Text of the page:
Patients should be asked about abuse by neurologists

Patients should be asked about abuse by neurologists

By Liz Lockhart

The American Academy of Neurology has issued a new position statement which calls on neurologists to start to screen their patients for abuse and violence from family members, care providers or others.

This statement can be found online on Neurology, the medical journal of the American academy of Neurology.

The types of abuse which should be screened for are elder abuse, sexual abuse, child abuse, emotional abuse, financial abuse, violence, bullying and cyber bullying.

Elliott A. Schulman MD., of Lankenau Medical Centre, and a Fellow of the American Academy of Neurology said ‘Neurologists see patients with neurologic disorders that may make them more susceptible to abuse or neglect.  They also see patients with neurologic issues that may be either directly or indirectly related to mistreatment.’

Head, face and neck region injuries resulting from an intimate partner account for more than 90% of all such cases and these can lead to traumatic brain injury, the position statement states.  High risk categories for abuse and neglect are those with Alzheimer’s disease, Parkinson’s disease or stroke victims.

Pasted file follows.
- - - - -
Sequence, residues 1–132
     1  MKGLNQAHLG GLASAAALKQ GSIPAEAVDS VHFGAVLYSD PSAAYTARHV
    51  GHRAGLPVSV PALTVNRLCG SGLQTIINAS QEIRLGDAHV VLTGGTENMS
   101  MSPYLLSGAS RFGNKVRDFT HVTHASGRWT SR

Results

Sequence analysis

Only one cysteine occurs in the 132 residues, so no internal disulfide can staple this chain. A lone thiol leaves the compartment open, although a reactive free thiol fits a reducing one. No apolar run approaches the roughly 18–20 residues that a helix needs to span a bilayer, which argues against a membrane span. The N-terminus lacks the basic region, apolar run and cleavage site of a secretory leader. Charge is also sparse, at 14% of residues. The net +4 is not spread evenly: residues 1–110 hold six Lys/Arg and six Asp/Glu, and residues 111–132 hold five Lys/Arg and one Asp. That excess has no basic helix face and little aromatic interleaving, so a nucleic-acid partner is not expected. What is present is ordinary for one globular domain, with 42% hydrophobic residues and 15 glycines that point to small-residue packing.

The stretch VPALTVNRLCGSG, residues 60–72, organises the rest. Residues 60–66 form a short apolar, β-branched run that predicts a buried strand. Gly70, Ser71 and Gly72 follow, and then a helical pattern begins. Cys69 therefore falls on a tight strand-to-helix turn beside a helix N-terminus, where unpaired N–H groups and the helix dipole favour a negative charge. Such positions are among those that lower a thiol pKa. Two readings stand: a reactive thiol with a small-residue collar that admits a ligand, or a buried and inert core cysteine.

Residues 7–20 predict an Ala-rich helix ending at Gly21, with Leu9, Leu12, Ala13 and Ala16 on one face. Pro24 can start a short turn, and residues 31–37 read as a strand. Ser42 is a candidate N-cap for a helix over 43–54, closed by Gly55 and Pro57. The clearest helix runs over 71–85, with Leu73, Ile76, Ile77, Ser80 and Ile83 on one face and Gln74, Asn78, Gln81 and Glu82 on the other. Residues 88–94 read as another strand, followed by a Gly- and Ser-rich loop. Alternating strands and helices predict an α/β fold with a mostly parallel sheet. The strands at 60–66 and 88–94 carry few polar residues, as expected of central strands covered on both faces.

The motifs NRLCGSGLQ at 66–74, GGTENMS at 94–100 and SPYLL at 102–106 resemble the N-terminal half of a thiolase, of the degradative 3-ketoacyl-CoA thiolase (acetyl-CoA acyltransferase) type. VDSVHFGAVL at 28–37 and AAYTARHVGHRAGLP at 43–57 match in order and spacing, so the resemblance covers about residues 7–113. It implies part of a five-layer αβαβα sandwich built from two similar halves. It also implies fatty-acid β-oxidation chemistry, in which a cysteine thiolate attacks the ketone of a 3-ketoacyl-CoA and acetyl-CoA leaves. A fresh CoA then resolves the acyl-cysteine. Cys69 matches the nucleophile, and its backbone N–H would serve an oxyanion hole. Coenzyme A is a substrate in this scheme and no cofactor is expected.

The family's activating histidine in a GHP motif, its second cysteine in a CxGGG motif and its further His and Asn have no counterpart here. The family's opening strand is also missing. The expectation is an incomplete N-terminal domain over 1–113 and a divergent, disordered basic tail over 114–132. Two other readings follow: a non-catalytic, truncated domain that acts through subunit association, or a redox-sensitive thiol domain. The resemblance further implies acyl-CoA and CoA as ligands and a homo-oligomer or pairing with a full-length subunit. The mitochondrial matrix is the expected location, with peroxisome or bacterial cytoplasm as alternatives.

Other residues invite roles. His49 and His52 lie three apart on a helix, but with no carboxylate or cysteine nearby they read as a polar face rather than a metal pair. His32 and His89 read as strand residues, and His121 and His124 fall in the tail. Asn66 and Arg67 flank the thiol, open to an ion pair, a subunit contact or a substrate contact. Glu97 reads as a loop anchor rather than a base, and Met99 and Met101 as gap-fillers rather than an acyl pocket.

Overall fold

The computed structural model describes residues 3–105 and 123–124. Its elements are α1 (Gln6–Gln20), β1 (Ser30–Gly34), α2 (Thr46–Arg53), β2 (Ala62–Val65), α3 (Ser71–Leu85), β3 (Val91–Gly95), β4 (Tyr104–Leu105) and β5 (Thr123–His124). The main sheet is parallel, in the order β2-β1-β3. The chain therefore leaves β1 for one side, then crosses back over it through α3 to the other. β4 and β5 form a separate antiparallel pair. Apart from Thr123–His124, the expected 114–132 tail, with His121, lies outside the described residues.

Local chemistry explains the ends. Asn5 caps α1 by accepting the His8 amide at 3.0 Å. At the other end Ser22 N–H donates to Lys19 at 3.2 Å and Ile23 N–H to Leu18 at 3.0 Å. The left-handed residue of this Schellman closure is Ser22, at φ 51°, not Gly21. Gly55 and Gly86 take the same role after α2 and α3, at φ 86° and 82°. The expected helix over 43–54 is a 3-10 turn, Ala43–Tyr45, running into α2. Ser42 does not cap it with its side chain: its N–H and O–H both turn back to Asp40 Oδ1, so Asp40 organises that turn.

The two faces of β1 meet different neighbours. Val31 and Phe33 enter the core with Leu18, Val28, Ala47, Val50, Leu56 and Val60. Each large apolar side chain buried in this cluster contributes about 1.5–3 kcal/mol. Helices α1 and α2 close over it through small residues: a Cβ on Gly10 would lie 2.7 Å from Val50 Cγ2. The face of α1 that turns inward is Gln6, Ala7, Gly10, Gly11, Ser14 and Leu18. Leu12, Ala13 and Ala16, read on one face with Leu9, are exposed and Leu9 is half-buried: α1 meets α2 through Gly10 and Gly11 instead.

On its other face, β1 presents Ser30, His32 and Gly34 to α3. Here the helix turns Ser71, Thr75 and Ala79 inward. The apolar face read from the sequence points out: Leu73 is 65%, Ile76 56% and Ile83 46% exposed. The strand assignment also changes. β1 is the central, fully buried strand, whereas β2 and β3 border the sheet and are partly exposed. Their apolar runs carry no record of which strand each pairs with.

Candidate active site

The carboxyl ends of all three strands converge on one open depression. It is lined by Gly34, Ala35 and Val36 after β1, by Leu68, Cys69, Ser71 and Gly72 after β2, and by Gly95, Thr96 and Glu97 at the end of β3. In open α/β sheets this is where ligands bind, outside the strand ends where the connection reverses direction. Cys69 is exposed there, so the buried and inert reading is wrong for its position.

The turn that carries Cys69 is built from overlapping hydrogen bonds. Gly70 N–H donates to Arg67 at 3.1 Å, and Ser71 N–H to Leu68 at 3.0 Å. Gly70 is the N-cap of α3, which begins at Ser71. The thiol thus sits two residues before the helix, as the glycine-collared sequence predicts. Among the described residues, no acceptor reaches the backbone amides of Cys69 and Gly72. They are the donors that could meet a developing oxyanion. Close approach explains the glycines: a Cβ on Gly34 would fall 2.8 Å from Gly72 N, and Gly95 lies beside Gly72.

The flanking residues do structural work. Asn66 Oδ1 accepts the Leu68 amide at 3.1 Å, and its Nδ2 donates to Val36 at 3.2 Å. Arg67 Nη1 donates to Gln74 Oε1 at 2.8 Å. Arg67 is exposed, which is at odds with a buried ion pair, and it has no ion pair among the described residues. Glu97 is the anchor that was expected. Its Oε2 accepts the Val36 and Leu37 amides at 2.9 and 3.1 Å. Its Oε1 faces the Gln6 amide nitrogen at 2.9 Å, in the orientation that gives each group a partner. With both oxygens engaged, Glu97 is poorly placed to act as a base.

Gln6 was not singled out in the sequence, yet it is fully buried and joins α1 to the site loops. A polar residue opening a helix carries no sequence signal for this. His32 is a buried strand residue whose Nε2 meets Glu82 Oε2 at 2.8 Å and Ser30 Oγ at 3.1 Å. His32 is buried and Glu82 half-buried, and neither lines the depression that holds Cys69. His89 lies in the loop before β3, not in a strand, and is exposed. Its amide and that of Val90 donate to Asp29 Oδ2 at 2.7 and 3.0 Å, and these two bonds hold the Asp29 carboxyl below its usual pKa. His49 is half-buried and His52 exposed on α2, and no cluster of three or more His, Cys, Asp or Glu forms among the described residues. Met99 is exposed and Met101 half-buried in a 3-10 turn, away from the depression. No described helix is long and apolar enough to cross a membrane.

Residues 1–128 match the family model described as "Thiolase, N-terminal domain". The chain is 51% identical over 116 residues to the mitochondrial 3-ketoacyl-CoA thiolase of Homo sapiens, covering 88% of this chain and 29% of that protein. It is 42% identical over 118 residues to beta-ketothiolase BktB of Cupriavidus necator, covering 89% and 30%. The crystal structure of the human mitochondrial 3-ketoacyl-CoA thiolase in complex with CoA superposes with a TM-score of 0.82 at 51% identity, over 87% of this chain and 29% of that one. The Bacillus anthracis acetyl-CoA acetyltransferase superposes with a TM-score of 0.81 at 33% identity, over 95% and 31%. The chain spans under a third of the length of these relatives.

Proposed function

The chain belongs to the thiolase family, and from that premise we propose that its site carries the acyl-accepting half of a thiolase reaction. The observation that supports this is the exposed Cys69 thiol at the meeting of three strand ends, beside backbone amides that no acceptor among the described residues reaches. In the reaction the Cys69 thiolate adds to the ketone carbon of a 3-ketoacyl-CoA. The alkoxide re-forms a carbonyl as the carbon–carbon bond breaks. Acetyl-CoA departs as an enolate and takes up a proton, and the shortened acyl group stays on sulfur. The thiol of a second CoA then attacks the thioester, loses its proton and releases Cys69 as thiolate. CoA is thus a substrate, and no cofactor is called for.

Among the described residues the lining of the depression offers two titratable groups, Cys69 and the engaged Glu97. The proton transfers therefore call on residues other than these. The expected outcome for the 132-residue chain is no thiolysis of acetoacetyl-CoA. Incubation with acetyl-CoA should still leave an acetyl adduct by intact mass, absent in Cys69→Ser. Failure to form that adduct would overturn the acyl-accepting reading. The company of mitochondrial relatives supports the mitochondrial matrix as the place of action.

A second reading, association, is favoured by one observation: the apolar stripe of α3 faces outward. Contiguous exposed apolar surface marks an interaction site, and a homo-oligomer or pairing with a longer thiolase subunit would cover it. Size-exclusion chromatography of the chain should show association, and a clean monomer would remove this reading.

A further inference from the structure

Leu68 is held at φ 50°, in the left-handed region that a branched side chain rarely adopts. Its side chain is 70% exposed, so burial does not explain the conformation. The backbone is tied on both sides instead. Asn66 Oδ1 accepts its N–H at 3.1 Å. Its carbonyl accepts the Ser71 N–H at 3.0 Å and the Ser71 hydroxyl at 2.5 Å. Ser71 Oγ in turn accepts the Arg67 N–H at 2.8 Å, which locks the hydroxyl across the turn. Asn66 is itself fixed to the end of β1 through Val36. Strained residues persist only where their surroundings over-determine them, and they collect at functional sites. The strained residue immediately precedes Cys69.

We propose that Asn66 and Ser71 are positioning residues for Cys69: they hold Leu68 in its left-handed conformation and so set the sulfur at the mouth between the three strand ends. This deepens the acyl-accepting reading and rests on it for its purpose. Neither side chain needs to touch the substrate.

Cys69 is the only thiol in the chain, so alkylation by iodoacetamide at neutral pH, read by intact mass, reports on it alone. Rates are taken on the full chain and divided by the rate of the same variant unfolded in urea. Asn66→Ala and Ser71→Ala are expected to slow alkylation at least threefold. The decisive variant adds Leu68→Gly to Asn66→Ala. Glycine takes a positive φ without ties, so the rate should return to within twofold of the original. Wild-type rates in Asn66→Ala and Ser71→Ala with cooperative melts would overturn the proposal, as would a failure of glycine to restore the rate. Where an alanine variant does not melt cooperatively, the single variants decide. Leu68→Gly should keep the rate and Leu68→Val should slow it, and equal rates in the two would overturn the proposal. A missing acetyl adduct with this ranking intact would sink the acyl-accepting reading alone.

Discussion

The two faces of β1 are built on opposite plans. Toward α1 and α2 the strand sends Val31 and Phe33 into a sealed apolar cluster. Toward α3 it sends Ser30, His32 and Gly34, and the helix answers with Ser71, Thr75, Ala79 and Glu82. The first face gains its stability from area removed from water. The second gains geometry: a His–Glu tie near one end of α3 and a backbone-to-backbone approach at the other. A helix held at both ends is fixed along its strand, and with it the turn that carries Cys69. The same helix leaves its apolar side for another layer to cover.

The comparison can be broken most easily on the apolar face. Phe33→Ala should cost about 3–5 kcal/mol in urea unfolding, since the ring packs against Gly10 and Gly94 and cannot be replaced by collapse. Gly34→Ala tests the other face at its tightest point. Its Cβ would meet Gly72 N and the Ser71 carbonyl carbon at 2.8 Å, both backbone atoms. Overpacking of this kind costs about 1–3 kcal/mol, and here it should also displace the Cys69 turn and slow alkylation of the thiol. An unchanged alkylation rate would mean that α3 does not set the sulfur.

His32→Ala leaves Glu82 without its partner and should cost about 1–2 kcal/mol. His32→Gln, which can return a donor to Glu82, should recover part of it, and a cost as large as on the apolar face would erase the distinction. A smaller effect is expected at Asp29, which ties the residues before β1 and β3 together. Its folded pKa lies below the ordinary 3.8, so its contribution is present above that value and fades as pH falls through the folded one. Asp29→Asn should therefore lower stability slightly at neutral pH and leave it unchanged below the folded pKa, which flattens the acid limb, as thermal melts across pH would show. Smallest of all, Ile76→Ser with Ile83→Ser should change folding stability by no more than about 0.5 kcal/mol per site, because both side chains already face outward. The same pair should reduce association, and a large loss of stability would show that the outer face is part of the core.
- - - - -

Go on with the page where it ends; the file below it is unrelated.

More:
Schulman adds ‘By routinely asking about violence and abuse, the neurologist increases the opportunity for both identifying on-going abuse and intervening when appropriate.  In addition to further physical and emotional harm, consequences of not asking about abuse might include failure of treatments and, when children are exposed to abuse, perpetuation of the cycle of abuse from generation to generation.’

Ten principles of intervention by neurologists when meeting patients, beginning with integrating questions about abuse into the medical history and routinely screening all patients for past and on-going violence, are outlined by the position statement.

Free training is being offered by The Academy to members who are interested in finding out how to address domestic violence issues within their communities. 

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